Paul Samuelson, the first American to win the Nobel Prize in Economics, died at the age of 94 a few day ago. Samuelson was a disciple of the liberal principles of Keynesian economics, a foil to Milton Friedman's conservative, monetarist perspective. He was instrumental to both neo-Keynesian and neoclassical economic development. My lovely lady, an economist of European persuasion, informs me that his 1948 textbook, Economics, is essential reading for any serious student in the field (it is apparently the most widely read economics textbook in the world).
As President Obama and PM Gordon Brown are charged with adhering to Keynesian economics, Samuelson's influence as a Keynesian apostle continues to be profound. Keynes continues to dominate European thinking on economics, though his sympathies for communist-styled big-government and failure to recognize its inherent de-humanizing elements (of which free-market thinkers such as Friedman were keenly aware) have moderated his influence in the U.S.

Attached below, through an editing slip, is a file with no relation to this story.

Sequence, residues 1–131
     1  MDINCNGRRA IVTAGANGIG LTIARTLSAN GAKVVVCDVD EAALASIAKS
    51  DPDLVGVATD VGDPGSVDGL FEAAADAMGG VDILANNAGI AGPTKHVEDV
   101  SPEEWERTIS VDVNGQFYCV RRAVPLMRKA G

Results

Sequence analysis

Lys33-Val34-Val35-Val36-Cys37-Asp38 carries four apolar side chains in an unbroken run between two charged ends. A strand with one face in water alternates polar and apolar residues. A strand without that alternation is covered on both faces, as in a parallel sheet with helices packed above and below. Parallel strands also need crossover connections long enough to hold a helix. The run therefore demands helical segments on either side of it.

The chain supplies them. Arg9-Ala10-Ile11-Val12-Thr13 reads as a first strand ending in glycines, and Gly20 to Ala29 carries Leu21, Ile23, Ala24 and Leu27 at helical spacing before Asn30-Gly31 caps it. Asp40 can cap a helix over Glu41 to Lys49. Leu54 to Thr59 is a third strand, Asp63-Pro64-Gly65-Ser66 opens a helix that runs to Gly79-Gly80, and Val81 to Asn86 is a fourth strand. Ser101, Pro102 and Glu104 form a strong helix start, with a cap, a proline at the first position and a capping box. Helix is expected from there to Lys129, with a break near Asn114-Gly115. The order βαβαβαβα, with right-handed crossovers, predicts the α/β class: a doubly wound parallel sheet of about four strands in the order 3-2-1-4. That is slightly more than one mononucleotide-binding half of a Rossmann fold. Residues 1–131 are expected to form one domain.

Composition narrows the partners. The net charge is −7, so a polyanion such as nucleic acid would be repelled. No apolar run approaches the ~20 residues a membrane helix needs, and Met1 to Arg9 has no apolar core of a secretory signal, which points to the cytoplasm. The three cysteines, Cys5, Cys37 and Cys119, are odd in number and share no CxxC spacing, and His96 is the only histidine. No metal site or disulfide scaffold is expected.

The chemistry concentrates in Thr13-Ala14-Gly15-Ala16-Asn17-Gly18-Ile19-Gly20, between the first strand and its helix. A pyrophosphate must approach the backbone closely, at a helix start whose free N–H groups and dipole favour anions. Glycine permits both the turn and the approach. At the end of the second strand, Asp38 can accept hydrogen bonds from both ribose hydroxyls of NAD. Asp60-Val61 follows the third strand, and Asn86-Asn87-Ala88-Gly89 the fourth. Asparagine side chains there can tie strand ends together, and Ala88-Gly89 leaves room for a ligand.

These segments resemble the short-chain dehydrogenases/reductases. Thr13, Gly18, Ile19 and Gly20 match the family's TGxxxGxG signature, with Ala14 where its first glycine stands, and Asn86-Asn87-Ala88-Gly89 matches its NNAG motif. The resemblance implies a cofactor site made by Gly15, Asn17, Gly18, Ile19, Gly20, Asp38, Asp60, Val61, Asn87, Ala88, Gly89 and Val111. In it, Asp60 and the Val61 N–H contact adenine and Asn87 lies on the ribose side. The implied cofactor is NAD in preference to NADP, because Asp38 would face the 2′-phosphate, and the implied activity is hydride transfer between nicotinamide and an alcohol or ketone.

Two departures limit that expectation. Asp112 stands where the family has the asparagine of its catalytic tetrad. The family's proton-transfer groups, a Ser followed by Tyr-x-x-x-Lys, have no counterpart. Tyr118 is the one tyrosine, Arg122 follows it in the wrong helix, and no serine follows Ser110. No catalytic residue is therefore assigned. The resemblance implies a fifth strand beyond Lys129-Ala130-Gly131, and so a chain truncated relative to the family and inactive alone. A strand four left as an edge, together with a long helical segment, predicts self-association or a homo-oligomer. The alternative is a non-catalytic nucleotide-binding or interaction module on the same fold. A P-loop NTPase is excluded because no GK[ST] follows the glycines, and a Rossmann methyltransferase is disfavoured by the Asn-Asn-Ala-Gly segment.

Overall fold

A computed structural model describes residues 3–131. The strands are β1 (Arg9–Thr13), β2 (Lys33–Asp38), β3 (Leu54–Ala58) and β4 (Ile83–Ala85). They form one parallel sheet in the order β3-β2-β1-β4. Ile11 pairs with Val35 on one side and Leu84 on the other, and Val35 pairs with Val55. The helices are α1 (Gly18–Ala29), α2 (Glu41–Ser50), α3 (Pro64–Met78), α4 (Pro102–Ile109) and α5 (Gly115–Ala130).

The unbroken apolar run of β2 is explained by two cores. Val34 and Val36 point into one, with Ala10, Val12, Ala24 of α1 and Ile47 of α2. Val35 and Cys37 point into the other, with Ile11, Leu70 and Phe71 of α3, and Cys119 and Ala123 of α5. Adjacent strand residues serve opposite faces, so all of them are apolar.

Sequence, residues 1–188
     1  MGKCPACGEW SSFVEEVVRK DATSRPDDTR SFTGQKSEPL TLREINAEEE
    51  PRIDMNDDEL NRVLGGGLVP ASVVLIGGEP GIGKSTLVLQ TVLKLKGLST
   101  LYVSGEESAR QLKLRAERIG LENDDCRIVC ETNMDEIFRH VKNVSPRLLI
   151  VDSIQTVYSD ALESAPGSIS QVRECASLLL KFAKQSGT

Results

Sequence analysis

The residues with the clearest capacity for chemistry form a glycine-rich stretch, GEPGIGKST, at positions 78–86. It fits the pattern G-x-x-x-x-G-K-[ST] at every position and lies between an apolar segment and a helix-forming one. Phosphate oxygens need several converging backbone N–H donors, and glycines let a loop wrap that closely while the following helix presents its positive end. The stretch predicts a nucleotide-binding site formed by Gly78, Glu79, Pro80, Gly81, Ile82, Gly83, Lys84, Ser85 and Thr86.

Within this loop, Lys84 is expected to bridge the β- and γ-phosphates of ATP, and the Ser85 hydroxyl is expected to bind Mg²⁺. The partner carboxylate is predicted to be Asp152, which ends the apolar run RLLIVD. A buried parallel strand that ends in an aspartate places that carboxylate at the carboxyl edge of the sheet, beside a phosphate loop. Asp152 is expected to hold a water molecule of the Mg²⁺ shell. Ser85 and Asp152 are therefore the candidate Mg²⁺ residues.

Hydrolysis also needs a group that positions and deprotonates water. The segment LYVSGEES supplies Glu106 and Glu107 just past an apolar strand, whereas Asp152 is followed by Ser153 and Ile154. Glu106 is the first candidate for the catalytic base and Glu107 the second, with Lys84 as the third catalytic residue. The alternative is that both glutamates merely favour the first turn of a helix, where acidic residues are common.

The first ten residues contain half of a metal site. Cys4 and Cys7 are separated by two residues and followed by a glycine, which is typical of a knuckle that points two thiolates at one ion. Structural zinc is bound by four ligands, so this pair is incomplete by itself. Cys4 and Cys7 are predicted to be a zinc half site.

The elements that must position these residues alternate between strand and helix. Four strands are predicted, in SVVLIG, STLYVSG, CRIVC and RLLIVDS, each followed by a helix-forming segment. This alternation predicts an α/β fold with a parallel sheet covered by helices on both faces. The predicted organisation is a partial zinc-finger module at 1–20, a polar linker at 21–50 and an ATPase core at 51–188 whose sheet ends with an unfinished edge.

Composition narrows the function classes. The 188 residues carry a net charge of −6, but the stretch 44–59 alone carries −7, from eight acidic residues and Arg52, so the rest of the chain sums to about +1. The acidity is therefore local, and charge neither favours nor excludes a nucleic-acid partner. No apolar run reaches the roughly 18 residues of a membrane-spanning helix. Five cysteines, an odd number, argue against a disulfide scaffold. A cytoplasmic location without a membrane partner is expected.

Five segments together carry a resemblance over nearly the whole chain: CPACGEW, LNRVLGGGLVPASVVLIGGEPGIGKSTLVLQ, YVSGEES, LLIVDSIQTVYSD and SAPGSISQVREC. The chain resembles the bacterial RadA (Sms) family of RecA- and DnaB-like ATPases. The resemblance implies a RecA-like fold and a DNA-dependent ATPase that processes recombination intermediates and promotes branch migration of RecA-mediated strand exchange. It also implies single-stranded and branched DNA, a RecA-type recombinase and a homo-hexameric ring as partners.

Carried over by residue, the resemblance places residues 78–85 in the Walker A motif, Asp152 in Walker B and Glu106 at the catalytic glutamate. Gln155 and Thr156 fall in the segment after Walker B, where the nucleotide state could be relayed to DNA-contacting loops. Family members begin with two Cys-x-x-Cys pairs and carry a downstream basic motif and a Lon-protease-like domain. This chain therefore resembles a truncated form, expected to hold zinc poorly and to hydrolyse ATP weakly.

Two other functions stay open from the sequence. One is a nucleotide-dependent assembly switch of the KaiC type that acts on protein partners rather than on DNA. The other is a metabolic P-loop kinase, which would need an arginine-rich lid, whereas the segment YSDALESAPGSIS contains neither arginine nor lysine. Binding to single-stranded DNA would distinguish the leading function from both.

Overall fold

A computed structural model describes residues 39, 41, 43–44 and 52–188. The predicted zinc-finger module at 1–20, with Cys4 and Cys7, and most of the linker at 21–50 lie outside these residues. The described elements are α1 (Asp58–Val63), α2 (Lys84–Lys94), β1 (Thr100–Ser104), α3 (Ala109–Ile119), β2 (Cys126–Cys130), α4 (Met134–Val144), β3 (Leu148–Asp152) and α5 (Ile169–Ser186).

Perhaps the greatest contribution of Obama's tenure will be to further disillusion Americans with the social-control, deficit-spending policies of Samuelson's idol. It would be ironic, indeed, if following a conservative Republican who advocated Friedman's economics but often acted in opposition to its principles (No Child Left Behind, Sarbane's-Oxley), a liberal Democrat forced a resurgence of support for Friedman through the extreme (and detrimental) application of Keynesian policies.